Prolific cult Japanese auteur Miike Takashi returns with perhaps his most ambitious work yet in “13 Assassins”, a remake of the 1963 Kodo Eiichi classic “Jusan-nin No Shikaku”. Marking his first proper foray into the period samurai genre, though one of his more commercially friendly outings, the film is still very much recognisable as a Miike work, with a script by Tengan Daisuke, with whom he previously worked on “Audition” and “Imprint”. Certainly, it sees the director working with a far bigger budget than usual, not to mention an all star cast that includes Yakusho Koji (“Shall We Dance”), Yamada Takayuki (“Crows Zero”), Iseya Yusuke (“Sukiyaki Western Django”), Hira Mikijiro (“Goemon”), Matsukata Hiroki (“Tajomaru: Avenging Blade”), and Masachika Ichimura. Thanks in no small part to a thrilling 45 minute climatic battle scene, the film has been a big hit with festivals around the world, as well as winning over the critics, claiming four grand prizes at the Japan Academy Awards and being nominated for the Golden Lion at Venice.
Set in mid-19th century Japan during a time when war and strife had all but disappeared from the land, the plot begins as the Shogun’s evil brother Naritsugu (Inagaki Goro) launches a campaign of cruelty against the populace, torturing and tormenting his subjects as he rises to power. Such is his wickedness that his own head samurai Shinzaemon (Yakusho Koji) makes the tough decision to turn against his lord, bringing together in secret a disparate gang of samurai to assassinate him during a tour of the country. Facing off against him is Hanbei (Masachika Ichimura), his former comrade in arms and now Naritsugu’s chief bodyguard. Knowing that he is leading his men on a suicide mission, Shinzaemon plans an ambush in a remote village, hoping to overcome the hopeless odds through cunning strategy.
What might be surprising for anyone familiar with Miike Takashi’s back catalogue is how well “13 Assassins” is handled as a remake, treating the source material with obvious respect, and taking a straightforward approach rather than trying to appeal to his usual cult audience. At the same time, this is quite unmistakably a Miike film, with moments of shocking cruelty, grotesque perversion and even surrealism, all of which are balanced skilfully with the more serious themes of duty, brotherhood, and of course, sacrifice. As well as the original, the film does at times have the distinct feel of a Kurosawa epic, frequently recalling “Seven Samurai”, and showing the same kind of humanity that the great director was known for. The film is a gripping and surprisingly emotional experience as a result, and though inevitably some of the 13 warriors get short shift as characters, the narrative is held together by a real sense of camaraderie that pervades through to the end. Miike handles this and other aspects of the story with consummate skill and subtlety, and the film is never heavy handed or even particularly melodramatic. Amongst its blood and thunder the film has a real sense of warmth, and is all the better for its moments of earthy humour and comic relief, with Tengan Daisuke’s script making the film every bit as effective in its quiet moments as in its blood and thunder.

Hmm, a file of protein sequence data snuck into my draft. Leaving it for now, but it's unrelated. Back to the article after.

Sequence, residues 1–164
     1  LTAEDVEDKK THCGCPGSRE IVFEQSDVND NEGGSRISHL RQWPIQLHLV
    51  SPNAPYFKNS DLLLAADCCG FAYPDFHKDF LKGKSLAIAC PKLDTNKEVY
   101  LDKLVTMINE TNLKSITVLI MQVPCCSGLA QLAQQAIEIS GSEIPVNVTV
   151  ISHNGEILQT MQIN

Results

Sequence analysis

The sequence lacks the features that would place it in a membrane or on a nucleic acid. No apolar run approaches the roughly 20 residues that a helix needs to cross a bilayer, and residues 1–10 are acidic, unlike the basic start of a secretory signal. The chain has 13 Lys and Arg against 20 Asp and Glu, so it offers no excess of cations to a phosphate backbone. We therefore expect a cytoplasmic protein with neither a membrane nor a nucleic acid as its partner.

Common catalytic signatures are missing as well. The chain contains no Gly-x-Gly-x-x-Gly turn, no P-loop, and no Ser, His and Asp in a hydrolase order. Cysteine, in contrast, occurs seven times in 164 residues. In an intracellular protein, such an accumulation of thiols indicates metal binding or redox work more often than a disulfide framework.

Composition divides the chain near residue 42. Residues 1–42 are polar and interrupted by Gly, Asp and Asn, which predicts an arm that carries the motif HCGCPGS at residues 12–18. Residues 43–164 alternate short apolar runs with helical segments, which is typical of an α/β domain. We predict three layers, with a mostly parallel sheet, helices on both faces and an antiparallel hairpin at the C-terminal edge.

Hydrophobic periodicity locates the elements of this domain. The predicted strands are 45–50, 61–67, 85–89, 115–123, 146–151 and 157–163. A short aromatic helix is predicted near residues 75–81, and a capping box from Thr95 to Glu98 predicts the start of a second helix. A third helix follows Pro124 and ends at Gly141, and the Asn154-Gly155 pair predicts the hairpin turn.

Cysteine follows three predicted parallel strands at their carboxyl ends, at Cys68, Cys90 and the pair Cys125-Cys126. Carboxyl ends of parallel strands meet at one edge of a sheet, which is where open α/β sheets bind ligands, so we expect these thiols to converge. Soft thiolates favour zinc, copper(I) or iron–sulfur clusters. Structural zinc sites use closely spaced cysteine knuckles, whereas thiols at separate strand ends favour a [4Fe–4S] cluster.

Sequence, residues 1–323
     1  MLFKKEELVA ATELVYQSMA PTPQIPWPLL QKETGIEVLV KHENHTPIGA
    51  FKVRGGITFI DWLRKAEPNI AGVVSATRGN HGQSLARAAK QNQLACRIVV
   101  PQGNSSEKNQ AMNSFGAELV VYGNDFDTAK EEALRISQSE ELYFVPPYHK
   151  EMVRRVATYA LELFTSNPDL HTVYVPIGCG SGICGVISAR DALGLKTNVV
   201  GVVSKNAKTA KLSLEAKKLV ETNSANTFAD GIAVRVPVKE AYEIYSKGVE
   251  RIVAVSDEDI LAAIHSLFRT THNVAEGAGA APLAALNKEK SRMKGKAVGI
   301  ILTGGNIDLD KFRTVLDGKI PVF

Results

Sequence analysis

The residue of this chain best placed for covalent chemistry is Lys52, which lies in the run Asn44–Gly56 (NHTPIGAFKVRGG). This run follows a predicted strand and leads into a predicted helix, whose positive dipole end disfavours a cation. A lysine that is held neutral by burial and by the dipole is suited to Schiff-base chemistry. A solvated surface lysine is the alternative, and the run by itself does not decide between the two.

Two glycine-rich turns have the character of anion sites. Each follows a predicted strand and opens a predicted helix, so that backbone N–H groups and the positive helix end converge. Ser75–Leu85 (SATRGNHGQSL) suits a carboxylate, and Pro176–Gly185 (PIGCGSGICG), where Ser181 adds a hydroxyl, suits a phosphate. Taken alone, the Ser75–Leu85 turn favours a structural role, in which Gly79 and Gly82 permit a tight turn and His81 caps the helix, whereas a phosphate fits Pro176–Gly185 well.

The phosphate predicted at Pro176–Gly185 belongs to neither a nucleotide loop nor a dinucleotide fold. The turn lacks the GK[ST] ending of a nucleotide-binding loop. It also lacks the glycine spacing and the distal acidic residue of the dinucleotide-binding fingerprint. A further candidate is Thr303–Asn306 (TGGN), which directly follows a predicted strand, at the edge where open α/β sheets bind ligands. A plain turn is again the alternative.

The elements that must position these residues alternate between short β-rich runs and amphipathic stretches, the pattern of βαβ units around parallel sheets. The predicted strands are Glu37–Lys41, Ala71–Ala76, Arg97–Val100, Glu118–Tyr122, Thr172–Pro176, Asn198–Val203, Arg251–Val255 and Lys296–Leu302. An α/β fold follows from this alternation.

One of the main reasons why the film works so well is that Miike also approaches the film with a pleasing sense of economy not often seen in the genre, wasting very little time and with the events of the story seeming to be crammed into a short period of time. This works very much in its favour, generating a sense of urgency, without trying to manipulate the viewer or trying to pretend that the final battle will leave many survivors. In this respect, the film benefits from its simple but compelling three act structure, which sets up the characters, follows them on their travels to the ambush village, then sits back and allows all hell to break loose. This serves perfectly, and the film moves along at a cracking pace, its two hour running time passing all too quickly.
Special mention does have to go to the amazing action scenes, and the film is violent and brutal throughout, with flashbacks detailing the awful acts of the sadistic Naritsugu. The final battle scene is worth every word of hype, and it surely stands as one of the most awesome and epic set pieces of sword play cinema in recent memory, as bodies fall, limbs are cleaved and head roll with relentless speed. The choreography is superb, making for breathlessly exciting viewing, and for once making good use of CGI gore. It’s hard to imagine anyone topping this sequence, and it ranks amongst the best and most memorable of Miike’s career to date – high praise indeed.
The same can be said of the film as a whole, and “13 Assassins” is a modern classic of the samurai form, sitting quite comfortably amongst the Kurosawa classics. The film again shows that Miike Takashi is indeed a master film maker as well as an enfant terrible or cinematic shock jock, and that he is one of the very few directors truly comfortable and capable of working in any and every genre.
Takashi Miike (director) / Kaneo Ikegami, Daisuke Tengan (screenplay)
CAST: Kôji Yakusho … Shinzaemon Shimada
Takayuki Yamada … Shinrouko
Yûsuke Iseya … Koyata
Gorô Inagaki … Lord Naritsugu Matsudaira
Masachika Ichimura … Hanbei Kitou
Mikijiro Hira … Sir Doi
Hiroki Matsukata … Kuranaga